## Finite Differences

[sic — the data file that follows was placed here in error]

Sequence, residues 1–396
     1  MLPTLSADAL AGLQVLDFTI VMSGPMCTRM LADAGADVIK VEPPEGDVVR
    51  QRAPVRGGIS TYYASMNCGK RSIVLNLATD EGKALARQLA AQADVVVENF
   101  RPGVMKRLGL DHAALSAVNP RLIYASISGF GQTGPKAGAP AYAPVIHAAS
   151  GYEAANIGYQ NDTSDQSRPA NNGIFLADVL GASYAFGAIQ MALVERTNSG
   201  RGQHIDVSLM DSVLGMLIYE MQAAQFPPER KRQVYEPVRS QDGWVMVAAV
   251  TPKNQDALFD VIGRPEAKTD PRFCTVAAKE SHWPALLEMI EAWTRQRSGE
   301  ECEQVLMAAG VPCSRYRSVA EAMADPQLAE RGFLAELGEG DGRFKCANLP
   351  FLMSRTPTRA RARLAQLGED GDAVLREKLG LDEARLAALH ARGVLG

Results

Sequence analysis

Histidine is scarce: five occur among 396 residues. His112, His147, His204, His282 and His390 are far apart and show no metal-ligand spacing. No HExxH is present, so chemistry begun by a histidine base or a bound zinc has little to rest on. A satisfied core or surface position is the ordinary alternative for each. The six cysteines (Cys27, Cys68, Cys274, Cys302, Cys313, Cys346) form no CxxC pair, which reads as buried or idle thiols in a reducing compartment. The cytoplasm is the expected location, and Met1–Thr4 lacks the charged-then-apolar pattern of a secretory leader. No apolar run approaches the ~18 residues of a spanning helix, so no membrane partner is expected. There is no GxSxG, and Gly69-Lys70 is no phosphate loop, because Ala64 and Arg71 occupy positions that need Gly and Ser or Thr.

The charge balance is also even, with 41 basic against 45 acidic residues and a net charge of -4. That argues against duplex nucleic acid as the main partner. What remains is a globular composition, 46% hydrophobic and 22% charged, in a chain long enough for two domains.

Here are a few notes about the symbol $\Delta$. This symbol appears frequently in physics. Let $\alpha$ be a real number. This statement is equivalent to $\alpha \in \mathbb{R}$. Then $\Delta \alpha$ can be defined as follows. Definition 1 Define a finite difference as $\Delta \alpha \equiv \alpha_2 – \alpha_1$. Here, $\alpha_1 \in \alpha$ and $\alpha_2 \in \alpha$. Something to notice is that if $\alpha_1 = 0$, $\Delta \alpha = \alpha_2$. This is related to the content presented in Derivation #1. For example, in that post there are equations written in terms of $X$ which are used to write equations in terms of $\Delta X$. Using the notation in Definition 1, this can be done because $X_1$ can be set to 0 as the light is at the origin at $t=0$. If $X_2$ is set to $X$, then $\Delta X = X$ in this case. If, instead, $X_2$ were set to 0 and $X_1$ were set to $X$, then one would have $\Delta X = -X$. The first case was used in Derivation #1. It is interesting to note that there is not a functional dependence of $X$ on time, but there appears to be a subtle, implied association between position and time. Something must be said about the independent variable with which the corresponding function changes. Suppose one has a function $\beta = \beta(t)$ in which $t \in \mathbb{R}$. Then I can define the following constraint on the independent variable. Using Definition 1, it is clear that $\Delta t = t_2 – t_1$. Here is the constraint used in Calculus. Constraint 1 $t_2 > t_1$. Modern Calculus does not utilize the following, opposite constraint […]